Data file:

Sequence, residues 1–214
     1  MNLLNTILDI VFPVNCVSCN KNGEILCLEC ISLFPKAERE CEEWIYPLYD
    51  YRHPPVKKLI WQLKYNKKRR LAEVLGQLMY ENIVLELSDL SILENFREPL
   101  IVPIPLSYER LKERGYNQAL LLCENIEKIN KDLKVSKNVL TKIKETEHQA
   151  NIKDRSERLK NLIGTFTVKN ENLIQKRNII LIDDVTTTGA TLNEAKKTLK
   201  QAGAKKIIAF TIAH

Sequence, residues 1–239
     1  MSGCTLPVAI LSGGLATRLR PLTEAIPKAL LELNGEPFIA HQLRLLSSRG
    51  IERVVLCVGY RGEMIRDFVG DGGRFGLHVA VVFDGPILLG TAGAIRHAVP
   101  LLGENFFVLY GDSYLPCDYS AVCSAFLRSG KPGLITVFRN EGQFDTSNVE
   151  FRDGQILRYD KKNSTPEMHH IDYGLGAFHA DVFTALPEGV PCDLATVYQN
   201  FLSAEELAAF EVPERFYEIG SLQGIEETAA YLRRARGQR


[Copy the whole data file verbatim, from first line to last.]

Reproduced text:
Sequence, residues 1–214
     1  MNLLNTILDI VFPVNCVSCN KNGEILCLEC ISLFPKAERE CEEWIYPLYD
    51  YRHPPVKKLI WQLKYNKKRR LAEVLGQLMY ENIVLELSDL SILENFREPL
   101  IVPIPLSYER LKERGYNQAL LLCENIEKIN KDLKVSKNVL TKIKETEHQA
   151  NIKDRSERLK NLIGTFTVKN ENLIQKRNII LIDDVTTTGA TLNEAKKTLK
   201  QAGAKKIIAF TIAH

Sequence, residues 1–239
     1  MSGCTLPVAI LSGGLATRLR PLTEAIPKAL LELNGEPFIA HQLRLLSSRG
    51  IERVVLCVGY RGEMIRDFVG DGGRFGLHVA VVFDGPILLG TAGAIRHAVP
   101  LLGENFFVLY GDSYLPCDYS AVCSAFLRSG KPGLITVFRN EGQFDTSNVE
   151  FRDGQILRYD KKNSTPEMHH IDYGLGAFHA DVFTALPEGV PCDLATVYQN
   201  FLSAEELAAF EVPERFYEIG SLQGIEETAA YLRRARGQR